Thanks to Sidney Crosby’s well documented history of concussions, Will Smith’s critically acclaimed film, aptly titled, “Concussion” & just about any other movie or TV show about high school sports, Pop Culture does a commendable job calling attention to the risks of concussions in sport.  

What Pop Culture failed to highlight in each of these circumstances is the proper rehab process from a concussion. Because of this, I see many parents, coaches, and volunteer trainers left using the same concussion recovery guidelines that were used 10, 20, EVEN 30 YEARS AGO!!! Some of these archaic practices have been proven ineffective, others completely debunked. And some have even been shown to be harmful. 

I’d like to shed light on 3 common concussion rehab practices that I passionately feel should be either tossed aside or at least given a scientific-based upgrade: 

#1:  The Dark Room Approach

Traditionally, injured individuals were encouraged to rest in a dark room with LITTLE to NO STIMULATION until complete symptom resolution. This concept was known as “COMPLETE REST”. 

The intention of this approach was to minimize or alleviate concussion symptoms by reducing the amount the brain needed to work “so it can focus on healing”. Seems logical, right? “When something is hurt, you let it rest and the healing will take care of itself”. 

But thanks to modern science, there is growing evidence to suggest that COMPLETE REST CAN DELAY SYMPTOM RECOVERY AND RETURN TO BOTH EVERYDAY  ACTIVITIES AND SPORTS. Additionally, a prolonged Dark Ages – …oops…I mean Dark Room – Approach has been shown to magnify the secondary effects of post-concussion symptoms such as Anxiety & Depression.  

So what do we do now? Well according to the 2020 Clinical Practice Guidelines for the Evaluation and Treatment After Concussion / Mild Traumatic Brain Injury No More than 24-48 hours of Complete Rest is recommended. After which there is a focus on Relative Rest where normal activities of daily living are gradually integrated into your daily routine as tolerated. 


#2: “It’s Been a Few Days & I Feel Better Therefore I Must be Recovered From My Concussion”

Another common question I get asked is “When do you think I can go back to sports?” Unlike a sprained ankle or pulled hamstring we just don’t know when the exact date someone should be recovered from their concussion symptoms. 

What we do know is that when someone suffers a concussion, we see a REDUCTION IN BLOOD FLOW to the brain and a DISTURBANCE TO THE BRAIN’S EQUILIBRIUM. Through research, we now know that it takes 7-10 days for these imbalances to correct themselves and for the brain to return to a relative state of metabolic normalcy.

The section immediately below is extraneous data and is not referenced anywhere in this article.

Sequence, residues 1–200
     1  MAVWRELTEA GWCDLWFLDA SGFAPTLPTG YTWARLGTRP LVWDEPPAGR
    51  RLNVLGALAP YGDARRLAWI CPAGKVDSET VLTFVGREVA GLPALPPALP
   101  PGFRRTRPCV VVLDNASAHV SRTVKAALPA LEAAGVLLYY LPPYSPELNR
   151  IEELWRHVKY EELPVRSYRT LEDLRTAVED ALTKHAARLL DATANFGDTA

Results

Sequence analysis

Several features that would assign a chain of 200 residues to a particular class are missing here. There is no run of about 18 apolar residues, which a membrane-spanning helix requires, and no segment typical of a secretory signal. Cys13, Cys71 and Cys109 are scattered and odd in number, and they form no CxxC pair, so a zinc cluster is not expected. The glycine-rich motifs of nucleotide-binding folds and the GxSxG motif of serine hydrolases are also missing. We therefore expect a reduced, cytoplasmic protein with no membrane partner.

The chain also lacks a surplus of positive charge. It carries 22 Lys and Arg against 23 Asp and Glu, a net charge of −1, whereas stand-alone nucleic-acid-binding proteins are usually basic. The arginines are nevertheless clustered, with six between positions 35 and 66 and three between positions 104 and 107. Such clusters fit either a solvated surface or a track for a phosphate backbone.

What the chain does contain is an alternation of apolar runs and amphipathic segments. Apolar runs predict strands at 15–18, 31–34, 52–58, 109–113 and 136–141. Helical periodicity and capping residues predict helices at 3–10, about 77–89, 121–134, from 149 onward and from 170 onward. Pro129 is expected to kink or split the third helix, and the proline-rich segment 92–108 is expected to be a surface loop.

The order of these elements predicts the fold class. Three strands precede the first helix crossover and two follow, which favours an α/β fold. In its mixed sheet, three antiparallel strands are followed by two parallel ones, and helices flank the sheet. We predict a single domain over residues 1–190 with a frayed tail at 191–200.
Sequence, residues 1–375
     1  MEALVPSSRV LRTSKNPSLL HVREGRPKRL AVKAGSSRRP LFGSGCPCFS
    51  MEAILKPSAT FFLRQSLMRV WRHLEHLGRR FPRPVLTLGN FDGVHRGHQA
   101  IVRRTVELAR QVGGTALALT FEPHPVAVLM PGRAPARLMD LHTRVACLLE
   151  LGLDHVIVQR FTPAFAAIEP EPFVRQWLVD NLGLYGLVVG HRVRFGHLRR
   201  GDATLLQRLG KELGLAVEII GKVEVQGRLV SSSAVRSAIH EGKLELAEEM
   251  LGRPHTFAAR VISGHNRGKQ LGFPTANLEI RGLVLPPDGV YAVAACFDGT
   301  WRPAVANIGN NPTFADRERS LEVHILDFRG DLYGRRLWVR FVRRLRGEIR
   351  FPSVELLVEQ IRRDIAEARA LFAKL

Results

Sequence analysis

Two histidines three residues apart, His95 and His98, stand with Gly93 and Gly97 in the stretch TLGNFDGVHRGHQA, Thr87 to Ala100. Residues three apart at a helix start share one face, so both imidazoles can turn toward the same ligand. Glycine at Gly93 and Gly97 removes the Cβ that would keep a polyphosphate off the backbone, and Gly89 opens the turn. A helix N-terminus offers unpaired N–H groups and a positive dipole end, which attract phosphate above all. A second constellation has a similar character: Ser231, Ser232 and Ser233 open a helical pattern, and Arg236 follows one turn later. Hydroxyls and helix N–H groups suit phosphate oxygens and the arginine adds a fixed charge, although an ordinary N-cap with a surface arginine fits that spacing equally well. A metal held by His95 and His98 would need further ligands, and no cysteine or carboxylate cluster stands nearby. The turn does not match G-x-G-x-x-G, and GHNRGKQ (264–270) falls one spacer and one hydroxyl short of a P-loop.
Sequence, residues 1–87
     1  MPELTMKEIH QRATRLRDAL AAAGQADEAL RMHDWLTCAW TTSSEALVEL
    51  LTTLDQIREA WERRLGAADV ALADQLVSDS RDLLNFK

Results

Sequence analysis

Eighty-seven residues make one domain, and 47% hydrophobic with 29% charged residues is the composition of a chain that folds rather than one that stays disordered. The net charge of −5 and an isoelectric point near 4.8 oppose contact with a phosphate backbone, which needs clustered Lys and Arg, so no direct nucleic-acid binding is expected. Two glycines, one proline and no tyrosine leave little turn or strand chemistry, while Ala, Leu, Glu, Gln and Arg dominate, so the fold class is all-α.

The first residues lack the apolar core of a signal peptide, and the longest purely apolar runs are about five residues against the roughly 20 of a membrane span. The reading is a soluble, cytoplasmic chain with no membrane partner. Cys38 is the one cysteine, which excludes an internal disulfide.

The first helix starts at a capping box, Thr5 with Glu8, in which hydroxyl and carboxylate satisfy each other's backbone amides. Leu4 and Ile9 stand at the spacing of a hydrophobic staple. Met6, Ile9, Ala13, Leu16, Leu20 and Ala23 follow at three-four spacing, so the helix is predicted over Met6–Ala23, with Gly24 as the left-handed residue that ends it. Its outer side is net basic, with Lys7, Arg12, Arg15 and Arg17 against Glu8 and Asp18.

So even though you feel fine, if you are within the 7-10 day window this disturbance to your brain is still very much real and present. What makes matters even more scary is if you receive a subsequent blow to your head inside this 7-10 day window you put yourself at risk for further injury or permanent damage. 

Please take the necessary time to “relatively rest” with symptom monitoring and follow-up with a medical practitioner who specializes in concussions to ensure you are recovering smoothly and fit enough to return to sport both safely and effectively. 


#3: Injury to Full Play [The “Protocol” for a (UN)Successful Return to Sport]

Back in my high school days even after you took all the right steps in notifying your coach that you didn’t feel right after getting a hit to the head, went through relative rest & took the necessary 7-10 days to ensure you properly recovered from the physiological effects of the concussion, we were asked “You feel good enough to play tonight?” 

99.99% of the time my teammates or I said YES. And 99.99% of the time after the game we discussed amongst ourselves that we “just didn’t feel right”, “felt slow”, “the lights were too bright”…by our standards we would not call what we had a “SUCCESSFUL RETURN TO SPORT”. Something would seem to be off for several weeks…until one day we felt like ourselves again. 

I see this practice far too commonly in amateur sport from youth to high school to elite club levels. Kids go through weeks, months or seasons where the demands of sport overwhelm their recovering brains and they fall short of where they (and their coaches) expect their level of performance to be. This can lead down a dark path of subsequent anxiety, isolation & even a potential identity crisis. 

Just because someone feels asymptomatic on a day-to-day basis DOES NOT MEAN they can handle the multi-system demands of sport. It’s up to us as parents, coaches and healthcare professionals to determine if our kids and athletes can successfully return to the demands of their designated sport. 

According to the 2020 Clinical Practice Guidelines, to ensure a successful return to sport athletes should be subjected to a 6 STAGE RETURN TO SPORT PROTOCOL, with each stage passed if no symptoms arise immediately or within a 24 hour window. 

Here is a copy of the 6 Stage Return to Sport Protocol: 

Concussion Guidelines


Hopefully this clears up some concussion myths and helps you make the most informed decision regarding your child or athlete’s care.


Written by: Andrew Howie, Physiotherapist